On the edge of the desert, in small, agricultural areas, giant osprey nests occupy power poles. And any time you are near water there are sightings of fish and marine birds, entire flocks of pelicans, dolphins and more (Cruise West gives you a typed list of all wildlife sightings at the end of your cruise, and ours filled an entire page).

My pal and I had a "find" of our own after we did a wet landing (our feet got wet) off one of the Endeavour's inflatable dinghies on tiny Isla de Espiritu Santo (Island of the Saints' Ghosts), one of several remote islands we would visit - this one owned by The Nature Conservancy. On a walk on a beautiful, two-mile white sand stretch known as Bonanza Beach - Gilligan's Island surrounded by desert - we chased away huge turkey vultures to see what they were pecking at.

Turns out it was the remains of a tortoise, including a shell about the size of a side table. Dead or not, it was a cool sight. We got kudos for reporting our find when we returned.

On the rocky, guano-covered island of Los Islotes, we were supposed to have the opportunity to snorkel with sea lions. I was among those brave enough to don a wetsuit, but when we got to the island the seas were too choppy.

Still, the ship got close enough for us to see and hear hundreds of sea lions barking and the island's other inhabitants, flocks of birds including blue-footed boobies (their feet fluorescent blue), squawking away. Sea lions, it turns out, like to nip like puppies. And males can weigh 850 pounds; females 220. So while the greeting sounded welcoming, and several of the creatures, mostly females and juveniles, dove off the rocks into the water as if to say "come play," I was just as happy to watch from the ship.

Sometimes nature close up is better than nature touching.

Fares are from $2,599 per person including accommodations, meals and most shore excursions. Look for special discounts online at www.cruisewest.com, or call 888-851-8133.

Life on the Endeavour

The Endeavour is a small, comfortable ship designed for travelers seeking mild adventure - the kind where you don't have to rough it. The ship's public areas are a dining room, a large lounge area and sundeck space (where a must-do taco buffet is offered one afternoon). The average age of passengers is 60-ish; some younger, a few older.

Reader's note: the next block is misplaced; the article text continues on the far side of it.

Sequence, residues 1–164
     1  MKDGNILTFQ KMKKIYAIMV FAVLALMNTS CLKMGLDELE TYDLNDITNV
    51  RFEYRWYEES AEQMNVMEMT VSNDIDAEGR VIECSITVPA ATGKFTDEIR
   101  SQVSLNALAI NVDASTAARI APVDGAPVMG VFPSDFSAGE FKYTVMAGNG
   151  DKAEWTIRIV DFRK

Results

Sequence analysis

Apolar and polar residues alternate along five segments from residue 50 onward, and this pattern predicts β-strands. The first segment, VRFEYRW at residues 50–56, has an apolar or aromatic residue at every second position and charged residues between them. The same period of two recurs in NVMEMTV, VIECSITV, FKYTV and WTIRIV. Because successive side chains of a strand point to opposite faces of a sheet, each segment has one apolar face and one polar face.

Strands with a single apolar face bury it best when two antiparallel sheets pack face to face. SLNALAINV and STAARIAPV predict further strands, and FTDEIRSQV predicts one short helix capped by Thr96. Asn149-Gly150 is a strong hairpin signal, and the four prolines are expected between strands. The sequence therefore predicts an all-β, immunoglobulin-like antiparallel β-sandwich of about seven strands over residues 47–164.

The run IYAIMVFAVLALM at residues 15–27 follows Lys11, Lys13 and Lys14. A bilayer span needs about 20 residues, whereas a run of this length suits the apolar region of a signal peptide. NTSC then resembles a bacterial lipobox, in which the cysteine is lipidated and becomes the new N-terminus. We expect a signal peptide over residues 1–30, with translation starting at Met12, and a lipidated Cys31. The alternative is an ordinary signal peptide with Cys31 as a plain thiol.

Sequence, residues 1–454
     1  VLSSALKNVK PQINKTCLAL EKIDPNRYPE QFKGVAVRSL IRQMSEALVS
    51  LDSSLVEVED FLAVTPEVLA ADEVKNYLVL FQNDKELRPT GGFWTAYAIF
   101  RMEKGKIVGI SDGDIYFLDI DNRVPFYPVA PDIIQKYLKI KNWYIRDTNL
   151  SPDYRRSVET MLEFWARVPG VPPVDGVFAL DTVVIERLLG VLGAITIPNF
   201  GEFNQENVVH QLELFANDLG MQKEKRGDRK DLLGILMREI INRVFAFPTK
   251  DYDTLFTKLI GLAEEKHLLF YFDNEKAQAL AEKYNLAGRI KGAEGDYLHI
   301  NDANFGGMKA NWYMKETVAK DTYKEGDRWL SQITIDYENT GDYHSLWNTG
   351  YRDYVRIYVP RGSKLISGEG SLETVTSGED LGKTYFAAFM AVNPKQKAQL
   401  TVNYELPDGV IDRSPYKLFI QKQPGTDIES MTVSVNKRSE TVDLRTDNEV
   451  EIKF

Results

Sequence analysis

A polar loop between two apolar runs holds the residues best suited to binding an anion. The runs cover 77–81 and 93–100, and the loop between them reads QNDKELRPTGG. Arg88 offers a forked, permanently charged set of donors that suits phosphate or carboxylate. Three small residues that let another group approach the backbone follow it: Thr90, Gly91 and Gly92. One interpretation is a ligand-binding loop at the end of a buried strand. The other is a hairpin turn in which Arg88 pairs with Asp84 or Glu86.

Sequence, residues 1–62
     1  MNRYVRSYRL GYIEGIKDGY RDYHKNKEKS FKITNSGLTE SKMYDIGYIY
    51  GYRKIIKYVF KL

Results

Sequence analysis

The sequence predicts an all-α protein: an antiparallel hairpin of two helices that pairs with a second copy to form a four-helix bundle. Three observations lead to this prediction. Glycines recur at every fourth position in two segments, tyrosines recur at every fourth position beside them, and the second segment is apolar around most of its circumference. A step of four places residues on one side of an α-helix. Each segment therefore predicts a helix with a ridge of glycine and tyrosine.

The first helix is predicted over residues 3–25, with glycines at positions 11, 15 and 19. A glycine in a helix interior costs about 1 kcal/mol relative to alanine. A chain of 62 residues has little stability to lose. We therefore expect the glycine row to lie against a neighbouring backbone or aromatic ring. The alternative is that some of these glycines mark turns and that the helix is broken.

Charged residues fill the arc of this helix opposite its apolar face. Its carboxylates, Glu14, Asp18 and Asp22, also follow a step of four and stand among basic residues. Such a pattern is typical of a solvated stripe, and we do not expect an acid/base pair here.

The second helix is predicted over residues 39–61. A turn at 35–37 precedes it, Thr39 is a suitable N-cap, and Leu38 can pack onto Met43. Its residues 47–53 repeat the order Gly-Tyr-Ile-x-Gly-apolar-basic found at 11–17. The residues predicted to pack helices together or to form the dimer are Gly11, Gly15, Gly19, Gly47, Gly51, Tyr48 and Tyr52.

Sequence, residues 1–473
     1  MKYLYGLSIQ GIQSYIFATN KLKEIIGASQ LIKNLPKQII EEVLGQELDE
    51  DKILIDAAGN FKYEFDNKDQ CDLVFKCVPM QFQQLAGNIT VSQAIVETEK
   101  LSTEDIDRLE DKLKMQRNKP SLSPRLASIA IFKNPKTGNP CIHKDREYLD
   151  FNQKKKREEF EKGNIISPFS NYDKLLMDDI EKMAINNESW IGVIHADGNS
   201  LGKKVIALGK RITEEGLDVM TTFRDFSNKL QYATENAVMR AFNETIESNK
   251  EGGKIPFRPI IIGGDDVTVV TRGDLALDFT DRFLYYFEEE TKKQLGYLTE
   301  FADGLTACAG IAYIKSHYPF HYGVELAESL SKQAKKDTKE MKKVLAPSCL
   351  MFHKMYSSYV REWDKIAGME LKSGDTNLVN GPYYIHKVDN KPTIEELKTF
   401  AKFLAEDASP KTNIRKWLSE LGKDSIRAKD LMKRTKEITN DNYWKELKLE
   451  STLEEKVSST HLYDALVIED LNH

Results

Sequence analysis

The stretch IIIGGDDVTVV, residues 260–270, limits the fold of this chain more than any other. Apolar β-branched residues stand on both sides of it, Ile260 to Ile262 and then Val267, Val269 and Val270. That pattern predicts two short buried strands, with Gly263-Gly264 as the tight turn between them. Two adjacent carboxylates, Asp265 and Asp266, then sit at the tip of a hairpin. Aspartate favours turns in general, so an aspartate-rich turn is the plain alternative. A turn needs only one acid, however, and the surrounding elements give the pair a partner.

Days are spent doing easy, guide-led nature hikes, exploring on your own, snorkeling or kayaking (gear is provided, including wetsuits) or on organized tours. Most days, inflatable boats take you from the ship, and sometimes your feet get wet as you reach shore.

Nighttime entertainment consists of a daily nature-spotting recap during cocktail hour and a post-dinner lecture or video in the lounge (on subjects such as whales and Baja cowboys). The food is better than you might expect including irresistible dessert selections. You sit with whom you'd like, and a convivial atmosphere prevails.

During our weeklong cruise, in addition to nature spotting, we spent a little time in civilization, too. In the sleepy fishing village of Loreto (population 10,000), my pal and I shopped for silver, pottery and other trinkets, explored the first mission established in the Californias (Jesuits arrived in 1697) and enjoyed stuffed chiles and enchiladas at a casual cafe. In La Paz, capital of Baja California and a city of 180,000, we roamed the more developed seafront stretch, admiring the views and boats in the yacht harbor.

Most activities on our cruise were of the non-strenuous variety - slow and leisurely. But a boulder scramble up a gulch one afternoon on Isla Partida satisfied those looking for a little more challenge (I made it about two-thirds of the way up the canyon and then ached for a couple of days).

- Fran Golden